Also boys are not the only ones at risk for concussions. Girls are at risk for concussions and other serious injuries. In fact, some studies show that cheerleaders are at a higher risk of getting a concussion than football players. Cheerleaders do not use helmets and have no head protection. Also many people assume a child needs to be knocked out in order to sustain a concussion. This is not true. You can sustain a concussion without losing consciousness. So football players are not the only one at risks. Any high school athlete is at risk – boy or girl. Anything that causes a jarring of the head can cause a concussion. Our brain sits in fluid in our skull. Therefore any jarring force can cause the brain to hit the side of the skull and cause a concussion. This is why all high school athletes are at risk for concussions.

I have included a link to a YouTube video where a physician describes the basic information about what happens to a brain during a concussion and the process of recovery from a concussion. This is a must see for any parent https://youtu.be/zCCD52Pty4A.

In addition to this video I have included a fact sheet from the CDC regarding information about concussions for you to review http://www.cdc.gov/headsup/pdfs/schools/tbi_factsheets_parents-508-a.pdf.

I have also included this link from the CDC which helps parents, coaches and schools https://www.cdc.gov/headsup/.

Parents need to talk to their teenagers’ school and coaches regarding making sure that they use the latest safety equipment for their sport. Parents may even want to research what the latest safety equipment so if your teen’s school is not using the latest safety equipment, you can inform the school. The ultimate goal is we want high school sports to be fun and safe for high school students.

Dr. Michael Rubino has over 20 years experience working with teenagers and their families. For more information on Dr. Rubino’s work or private practice, where he treats Post Concussion Syndrome, please visit his website at http://www.RubinoCounseling.com or follow him on Twitter @RubinoTherapy.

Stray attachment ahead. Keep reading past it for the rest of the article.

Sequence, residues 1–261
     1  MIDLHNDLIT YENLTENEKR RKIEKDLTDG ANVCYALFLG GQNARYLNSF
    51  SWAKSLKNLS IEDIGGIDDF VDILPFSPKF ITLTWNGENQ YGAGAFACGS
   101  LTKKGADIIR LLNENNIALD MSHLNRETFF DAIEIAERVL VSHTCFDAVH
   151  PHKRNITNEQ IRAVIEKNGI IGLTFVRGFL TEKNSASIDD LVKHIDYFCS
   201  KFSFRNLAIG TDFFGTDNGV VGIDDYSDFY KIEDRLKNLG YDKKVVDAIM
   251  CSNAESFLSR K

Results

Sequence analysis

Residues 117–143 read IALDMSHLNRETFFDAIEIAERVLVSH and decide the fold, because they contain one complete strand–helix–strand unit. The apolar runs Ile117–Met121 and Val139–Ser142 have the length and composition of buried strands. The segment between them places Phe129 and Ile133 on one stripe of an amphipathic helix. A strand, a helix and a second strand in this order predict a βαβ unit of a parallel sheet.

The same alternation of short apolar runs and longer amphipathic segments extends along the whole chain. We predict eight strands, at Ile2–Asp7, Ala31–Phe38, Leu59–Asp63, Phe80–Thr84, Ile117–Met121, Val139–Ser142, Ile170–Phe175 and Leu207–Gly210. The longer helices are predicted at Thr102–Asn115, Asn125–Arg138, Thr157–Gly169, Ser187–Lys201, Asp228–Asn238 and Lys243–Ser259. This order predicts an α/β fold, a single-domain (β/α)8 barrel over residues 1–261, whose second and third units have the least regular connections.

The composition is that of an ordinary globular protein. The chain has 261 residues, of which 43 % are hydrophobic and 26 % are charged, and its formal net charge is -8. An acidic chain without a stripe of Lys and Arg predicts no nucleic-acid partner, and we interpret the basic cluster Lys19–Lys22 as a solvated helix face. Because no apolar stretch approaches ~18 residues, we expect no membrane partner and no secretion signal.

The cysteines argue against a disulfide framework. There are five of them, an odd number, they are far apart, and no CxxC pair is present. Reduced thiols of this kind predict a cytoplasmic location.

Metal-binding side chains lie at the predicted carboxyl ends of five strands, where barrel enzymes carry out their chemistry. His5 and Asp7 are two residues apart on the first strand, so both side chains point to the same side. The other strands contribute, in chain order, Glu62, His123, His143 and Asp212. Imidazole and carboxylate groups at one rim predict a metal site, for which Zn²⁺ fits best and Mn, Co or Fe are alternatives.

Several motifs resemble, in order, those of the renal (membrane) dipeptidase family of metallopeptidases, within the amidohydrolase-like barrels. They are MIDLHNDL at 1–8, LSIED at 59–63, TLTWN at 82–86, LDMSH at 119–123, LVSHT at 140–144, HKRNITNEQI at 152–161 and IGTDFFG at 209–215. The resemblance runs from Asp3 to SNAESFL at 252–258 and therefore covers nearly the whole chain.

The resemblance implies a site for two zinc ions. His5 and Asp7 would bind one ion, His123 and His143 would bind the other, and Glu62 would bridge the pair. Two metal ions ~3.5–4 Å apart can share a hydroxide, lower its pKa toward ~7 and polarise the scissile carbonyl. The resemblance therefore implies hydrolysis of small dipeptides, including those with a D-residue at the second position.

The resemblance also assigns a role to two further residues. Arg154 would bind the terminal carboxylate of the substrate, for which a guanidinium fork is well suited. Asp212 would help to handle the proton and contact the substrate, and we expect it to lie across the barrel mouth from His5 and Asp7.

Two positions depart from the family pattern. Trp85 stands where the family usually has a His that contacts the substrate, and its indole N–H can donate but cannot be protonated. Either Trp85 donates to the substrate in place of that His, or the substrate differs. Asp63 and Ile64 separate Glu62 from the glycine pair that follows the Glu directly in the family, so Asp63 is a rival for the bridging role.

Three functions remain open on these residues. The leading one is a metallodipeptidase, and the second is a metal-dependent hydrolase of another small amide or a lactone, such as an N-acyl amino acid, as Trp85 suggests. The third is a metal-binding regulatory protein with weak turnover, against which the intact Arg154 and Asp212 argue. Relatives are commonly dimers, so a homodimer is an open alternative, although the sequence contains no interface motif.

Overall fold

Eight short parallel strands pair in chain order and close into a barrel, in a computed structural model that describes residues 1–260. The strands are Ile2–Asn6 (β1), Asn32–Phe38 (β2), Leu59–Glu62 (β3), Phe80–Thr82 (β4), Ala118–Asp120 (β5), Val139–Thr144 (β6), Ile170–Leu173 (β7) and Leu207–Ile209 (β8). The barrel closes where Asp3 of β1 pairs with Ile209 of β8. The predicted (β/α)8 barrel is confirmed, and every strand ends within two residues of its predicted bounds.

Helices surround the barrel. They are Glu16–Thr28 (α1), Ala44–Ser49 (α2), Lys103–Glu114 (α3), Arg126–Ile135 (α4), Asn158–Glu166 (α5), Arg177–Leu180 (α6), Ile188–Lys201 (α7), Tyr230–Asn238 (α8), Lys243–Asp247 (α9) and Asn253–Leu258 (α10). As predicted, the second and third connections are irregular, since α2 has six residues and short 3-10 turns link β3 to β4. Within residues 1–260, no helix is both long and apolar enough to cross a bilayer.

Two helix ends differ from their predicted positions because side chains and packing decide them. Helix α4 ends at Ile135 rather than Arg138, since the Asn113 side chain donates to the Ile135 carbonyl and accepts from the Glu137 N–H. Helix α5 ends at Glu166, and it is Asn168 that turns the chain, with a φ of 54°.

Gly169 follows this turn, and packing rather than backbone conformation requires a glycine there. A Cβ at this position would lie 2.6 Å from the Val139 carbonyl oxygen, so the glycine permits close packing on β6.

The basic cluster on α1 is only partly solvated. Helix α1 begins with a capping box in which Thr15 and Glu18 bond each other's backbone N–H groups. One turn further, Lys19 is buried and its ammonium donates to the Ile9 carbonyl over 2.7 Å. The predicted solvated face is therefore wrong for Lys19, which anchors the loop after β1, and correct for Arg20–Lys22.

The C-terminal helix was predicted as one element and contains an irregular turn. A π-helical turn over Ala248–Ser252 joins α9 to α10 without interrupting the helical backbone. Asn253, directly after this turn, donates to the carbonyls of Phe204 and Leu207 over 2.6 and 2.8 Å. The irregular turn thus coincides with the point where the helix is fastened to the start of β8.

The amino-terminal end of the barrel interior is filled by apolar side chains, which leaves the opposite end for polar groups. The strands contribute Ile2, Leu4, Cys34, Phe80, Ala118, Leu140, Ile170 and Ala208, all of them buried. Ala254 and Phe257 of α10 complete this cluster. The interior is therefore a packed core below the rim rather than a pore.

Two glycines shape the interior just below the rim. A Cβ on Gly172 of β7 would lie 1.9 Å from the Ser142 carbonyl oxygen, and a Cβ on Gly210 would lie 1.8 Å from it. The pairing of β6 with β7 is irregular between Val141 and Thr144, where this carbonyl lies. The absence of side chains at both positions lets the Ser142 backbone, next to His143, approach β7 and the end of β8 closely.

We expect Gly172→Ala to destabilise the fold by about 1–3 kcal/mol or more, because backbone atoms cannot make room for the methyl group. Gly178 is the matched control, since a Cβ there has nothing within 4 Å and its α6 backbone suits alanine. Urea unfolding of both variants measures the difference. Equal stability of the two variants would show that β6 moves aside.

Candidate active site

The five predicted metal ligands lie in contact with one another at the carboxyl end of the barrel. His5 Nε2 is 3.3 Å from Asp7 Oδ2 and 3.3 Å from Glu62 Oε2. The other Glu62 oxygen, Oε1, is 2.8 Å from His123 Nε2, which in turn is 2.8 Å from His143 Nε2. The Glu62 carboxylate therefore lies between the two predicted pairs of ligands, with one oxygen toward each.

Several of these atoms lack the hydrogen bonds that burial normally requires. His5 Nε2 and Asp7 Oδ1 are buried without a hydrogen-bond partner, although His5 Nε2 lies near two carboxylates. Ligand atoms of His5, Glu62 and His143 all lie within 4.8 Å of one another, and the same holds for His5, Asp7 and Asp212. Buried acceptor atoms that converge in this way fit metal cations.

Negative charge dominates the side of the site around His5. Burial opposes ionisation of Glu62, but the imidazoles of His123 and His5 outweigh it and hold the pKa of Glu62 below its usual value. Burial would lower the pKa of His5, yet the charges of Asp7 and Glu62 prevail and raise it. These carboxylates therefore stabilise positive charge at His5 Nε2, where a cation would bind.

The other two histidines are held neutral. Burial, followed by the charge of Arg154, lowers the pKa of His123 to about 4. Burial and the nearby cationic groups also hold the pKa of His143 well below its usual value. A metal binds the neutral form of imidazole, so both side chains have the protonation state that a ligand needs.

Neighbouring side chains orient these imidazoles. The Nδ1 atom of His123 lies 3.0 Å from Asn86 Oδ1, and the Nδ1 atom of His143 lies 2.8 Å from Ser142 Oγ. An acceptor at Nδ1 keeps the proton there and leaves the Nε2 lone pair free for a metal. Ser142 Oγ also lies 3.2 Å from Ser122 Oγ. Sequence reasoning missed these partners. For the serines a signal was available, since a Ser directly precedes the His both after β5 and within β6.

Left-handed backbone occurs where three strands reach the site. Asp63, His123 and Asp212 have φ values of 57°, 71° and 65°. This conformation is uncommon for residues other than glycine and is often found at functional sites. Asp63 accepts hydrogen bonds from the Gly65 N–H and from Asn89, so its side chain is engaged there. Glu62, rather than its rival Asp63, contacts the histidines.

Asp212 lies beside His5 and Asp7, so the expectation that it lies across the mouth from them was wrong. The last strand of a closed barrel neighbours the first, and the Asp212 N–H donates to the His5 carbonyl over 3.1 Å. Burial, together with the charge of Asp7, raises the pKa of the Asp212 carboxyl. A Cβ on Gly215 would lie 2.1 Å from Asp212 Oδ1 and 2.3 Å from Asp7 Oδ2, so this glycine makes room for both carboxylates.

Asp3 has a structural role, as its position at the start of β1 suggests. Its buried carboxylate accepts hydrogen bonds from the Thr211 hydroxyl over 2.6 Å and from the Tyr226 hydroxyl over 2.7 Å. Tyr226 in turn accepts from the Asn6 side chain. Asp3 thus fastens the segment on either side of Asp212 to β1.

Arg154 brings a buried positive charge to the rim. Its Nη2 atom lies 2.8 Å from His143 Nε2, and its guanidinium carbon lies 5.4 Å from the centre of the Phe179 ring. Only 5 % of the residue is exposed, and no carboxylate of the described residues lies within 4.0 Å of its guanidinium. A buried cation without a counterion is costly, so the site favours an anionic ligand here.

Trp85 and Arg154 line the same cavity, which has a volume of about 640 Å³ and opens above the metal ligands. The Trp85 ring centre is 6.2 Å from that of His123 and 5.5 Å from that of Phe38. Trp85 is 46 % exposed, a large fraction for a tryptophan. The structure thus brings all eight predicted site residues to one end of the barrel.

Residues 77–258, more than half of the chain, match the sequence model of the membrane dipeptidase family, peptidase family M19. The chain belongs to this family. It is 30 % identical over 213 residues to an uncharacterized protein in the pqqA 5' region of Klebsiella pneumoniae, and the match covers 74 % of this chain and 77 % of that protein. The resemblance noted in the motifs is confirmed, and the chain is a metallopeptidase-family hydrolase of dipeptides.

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20 years After the Columbine Shootings

20 years After the Columbine Shootings

This week marks the 20th anniversary of the Columbine High School shooting. Unfortunately, we have not changed many gun laws and the mass shootings continue. On the 17th anniversary ABC interviewed the mother of one of the shooters about the warning signs she missed. If it was only that easy, but it is not. A great deal was missed by many and there is plenty of blame to go around. The parents did not create the Columbine shootings, but they must live the rest of their lives with what their sons did that day.

First in our society, there is a huge negative stigma regarding mental illness and psychotherapy. I see many teens who would benefit from psychotherapy, but the teenager resists because only “crazy” people go to therapy and they are not crazy. The parents often don’t force the teen to go to therapy because, “he is too big for me to force him to come”, or “if he is going to go I want him to want to go. I think forcing him may cause more damage.” So parents are allowing teens to make the decision about psychotherapy because people believe it is not that important unless you are crazy. If their son’s pedestrian said their son needed surgery, the parents would not allow their son to decide about having or not having surgery.

Another issue facing parents is that belief that only crazy people go to therapy. They don’t want their child or family to be seen as the “crazy one or the weird one.” In these situations, I often hear well we will think about it and try changing things at home and if we feel we really need help we will call. Typically, I receive the call when their son is in juvenile hall for a number of crimes. They are calling too late.

The other problem is the school systems. I work with parents who are reporting symptoms of depression and their son feeling overwhelmed by school or being bullied at school. They ask the school for help, but the school acts like the parents are over protective. When I become involved and let the school know the student needs help and will need an IEP (Individualized Educational Plan), the school down plays the behavior or blames the parents. They don’t want to do an IEP because it will cost the school money. I have seen schools tell parents all kind of lies to avoid giving a student an IEP and what the school is forgetting is the help the student desperately needs.